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The descendants of Spanish Jewry, as distinct from the Ashkenazim, who are descended from German Jewry. The names Sepharad and Ashkenaz are found in the Bible but were used in the Middle Ages to denote, respectively, Spain and Germany. Spain was the land in which Jewry reached its Golden Age, as this has been called; an age which saw the flowering of Jewish culture and produced such eminent figures as Maimonides, Nahmanides, Judah Halevi, Ibn Gabirol, Abravanel, and many others. After the expulsion from Spain in 1492, Spanish Jews resettled themselves in the land of Israel (see SAFED), the Ottoman Empire, and North Africa and later in America, in Amsterdam, and in other European cities. Sephardim and Ashkenazim are not divided on doctrinal lines and should not be considered as two distinct Jewish sects. The differences, of which there are many, between the two groups are the result of different cultural conditions, local customs, and, especially, the different Halakhic authorities favoured by each group. The rivalry between the two groups was often intense in former times, but is less so nowadays. Located, in the nineteenth century, outside Germany, the Sephardim were far less influenced by the Haskalah than the Ashkenazim, which partly accounts for the absence of any organized Reform movement among the Sephardim, except for the comparatively mild form that emerged in London. The popular language of Sephardi Jews is Ladino, as Yiddish is of the Ashkenazi Jews. Because of the differences in law, custom, and ritual between the two groups, Sephardi Rabbis lead Sephardi communities and Ashkenazi Rabbis Ashkenazi communities.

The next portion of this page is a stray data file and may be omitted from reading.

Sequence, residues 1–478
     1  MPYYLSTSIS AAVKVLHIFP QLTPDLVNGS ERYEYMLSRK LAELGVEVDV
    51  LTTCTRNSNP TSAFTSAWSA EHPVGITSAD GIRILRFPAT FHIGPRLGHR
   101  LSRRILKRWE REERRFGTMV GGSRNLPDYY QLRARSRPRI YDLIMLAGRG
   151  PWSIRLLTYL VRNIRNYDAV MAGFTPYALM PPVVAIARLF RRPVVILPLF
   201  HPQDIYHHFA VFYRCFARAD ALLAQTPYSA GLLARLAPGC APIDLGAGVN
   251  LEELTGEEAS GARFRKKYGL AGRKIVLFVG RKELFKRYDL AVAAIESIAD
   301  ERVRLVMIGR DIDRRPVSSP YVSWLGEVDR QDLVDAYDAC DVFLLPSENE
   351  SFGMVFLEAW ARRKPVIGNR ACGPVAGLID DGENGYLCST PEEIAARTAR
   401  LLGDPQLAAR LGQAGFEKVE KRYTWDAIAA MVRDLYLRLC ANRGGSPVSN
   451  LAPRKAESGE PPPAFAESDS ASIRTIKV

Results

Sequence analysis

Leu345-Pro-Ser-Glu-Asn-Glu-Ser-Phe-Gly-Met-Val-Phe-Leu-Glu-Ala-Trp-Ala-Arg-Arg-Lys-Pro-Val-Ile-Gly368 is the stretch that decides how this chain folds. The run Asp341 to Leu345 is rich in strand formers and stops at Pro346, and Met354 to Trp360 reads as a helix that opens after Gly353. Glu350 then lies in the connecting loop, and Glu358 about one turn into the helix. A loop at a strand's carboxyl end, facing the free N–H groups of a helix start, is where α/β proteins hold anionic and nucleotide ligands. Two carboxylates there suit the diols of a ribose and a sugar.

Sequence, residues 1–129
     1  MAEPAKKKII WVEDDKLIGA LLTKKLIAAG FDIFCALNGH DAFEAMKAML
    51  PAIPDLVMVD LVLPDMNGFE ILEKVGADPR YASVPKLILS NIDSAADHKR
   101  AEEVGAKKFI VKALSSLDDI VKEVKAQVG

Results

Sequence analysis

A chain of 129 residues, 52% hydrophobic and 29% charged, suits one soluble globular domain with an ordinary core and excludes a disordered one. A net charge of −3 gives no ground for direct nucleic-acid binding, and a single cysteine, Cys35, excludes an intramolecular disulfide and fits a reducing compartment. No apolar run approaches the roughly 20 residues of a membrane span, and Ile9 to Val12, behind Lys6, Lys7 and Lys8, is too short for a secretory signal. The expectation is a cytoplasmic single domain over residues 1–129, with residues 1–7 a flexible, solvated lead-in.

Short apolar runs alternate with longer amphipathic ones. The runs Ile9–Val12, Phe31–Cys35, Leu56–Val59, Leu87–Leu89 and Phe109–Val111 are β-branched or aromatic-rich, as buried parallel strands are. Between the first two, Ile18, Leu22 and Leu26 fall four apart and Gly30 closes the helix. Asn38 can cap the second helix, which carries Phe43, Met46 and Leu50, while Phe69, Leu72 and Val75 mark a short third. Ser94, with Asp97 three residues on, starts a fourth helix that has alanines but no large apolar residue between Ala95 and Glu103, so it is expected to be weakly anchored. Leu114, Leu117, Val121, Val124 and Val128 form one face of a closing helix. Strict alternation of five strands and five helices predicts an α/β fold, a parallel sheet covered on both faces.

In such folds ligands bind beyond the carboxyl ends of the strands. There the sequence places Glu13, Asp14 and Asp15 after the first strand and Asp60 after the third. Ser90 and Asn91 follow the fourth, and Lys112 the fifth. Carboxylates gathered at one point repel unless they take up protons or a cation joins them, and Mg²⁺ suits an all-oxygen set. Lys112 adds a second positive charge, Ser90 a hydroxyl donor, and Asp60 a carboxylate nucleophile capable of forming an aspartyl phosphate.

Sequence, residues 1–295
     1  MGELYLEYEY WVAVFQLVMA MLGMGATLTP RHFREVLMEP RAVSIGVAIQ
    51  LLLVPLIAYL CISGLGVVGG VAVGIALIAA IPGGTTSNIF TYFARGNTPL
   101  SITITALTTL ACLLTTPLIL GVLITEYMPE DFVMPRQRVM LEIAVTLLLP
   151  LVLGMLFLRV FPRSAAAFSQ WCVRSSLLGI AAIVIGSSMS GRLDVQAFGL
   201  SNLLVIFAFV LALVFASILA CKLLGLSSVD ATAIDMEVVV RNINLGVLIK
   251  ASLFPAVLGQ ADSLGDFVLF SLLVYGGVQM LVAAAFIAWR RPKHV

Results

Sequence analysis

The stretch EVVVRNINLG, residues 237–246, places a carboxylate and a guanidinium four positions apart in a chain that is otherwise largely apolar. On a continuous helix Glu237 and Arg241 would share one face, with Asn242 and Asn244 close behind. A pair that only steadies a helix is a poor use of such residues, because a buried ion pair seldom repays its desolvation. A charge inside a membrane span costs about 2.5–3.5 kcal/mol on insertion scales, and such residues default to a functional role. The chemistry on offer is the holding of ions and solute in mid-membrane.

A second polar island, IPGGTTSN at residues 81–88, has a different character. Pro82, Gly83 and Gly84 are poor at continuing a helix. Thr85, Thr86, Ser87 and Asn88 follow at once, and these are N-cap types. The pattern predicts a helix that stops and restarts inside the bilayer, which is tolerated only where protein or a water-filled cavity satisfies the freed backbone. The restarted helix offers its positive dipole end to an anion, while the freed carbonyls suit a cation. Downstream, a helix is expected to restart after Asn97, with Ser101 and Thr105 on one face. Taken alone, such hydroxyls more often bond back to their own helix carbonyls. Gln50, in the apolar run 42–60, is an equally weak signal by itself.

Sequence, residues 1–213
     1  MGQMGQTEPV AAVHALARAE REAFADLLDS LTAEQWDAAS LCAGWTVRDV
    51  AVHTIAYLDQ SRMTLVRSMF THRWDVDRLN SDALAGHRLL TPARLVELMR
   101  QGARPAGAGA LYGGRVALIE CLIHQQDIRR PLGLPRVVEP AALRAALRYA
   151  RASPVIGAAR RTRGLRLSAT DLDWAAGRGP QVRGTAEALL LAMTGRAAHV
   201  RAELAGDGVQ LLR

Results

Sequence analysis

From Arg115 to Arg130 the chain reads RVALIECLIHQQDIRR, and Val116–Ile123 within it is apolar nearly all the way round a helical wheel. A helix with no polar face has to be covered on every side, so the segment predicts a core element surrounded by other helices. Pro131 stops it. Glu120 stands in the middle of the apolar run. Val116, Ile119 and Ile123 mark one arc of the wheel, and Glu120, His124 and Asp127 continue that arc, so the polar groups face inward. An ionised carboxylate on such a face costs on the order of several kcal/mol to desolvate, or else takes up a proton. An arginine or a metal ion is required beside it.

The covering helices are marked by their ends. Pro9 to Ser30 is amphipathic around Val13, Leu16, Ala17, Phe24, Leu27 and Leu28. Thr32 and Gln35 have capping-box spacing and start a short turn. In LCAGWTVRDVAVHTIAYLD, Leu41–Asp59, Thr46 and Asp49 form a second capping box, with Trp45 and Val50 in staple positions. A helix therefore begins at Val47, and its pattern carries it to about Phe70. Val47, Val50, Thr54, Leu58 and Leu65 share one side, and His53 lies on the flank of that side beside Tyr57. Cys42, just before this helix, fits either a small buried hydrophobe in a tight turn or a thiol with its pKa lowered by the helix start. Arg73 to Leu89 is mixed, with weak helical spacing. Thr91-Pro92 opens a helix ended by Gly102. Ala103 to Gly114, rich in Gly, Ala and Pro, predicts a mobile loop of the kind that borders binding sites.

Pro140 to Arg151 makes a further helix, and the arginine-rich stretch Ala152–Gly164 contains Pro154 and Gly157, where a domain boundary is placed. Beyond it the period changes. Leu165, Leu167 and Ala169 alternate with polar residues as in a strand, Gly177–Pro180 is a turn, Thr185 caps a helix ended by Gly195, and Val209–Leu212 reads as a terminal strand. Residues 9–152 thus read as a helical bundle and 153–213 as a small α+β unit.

Subjects: Judaism and Jewish Studies.

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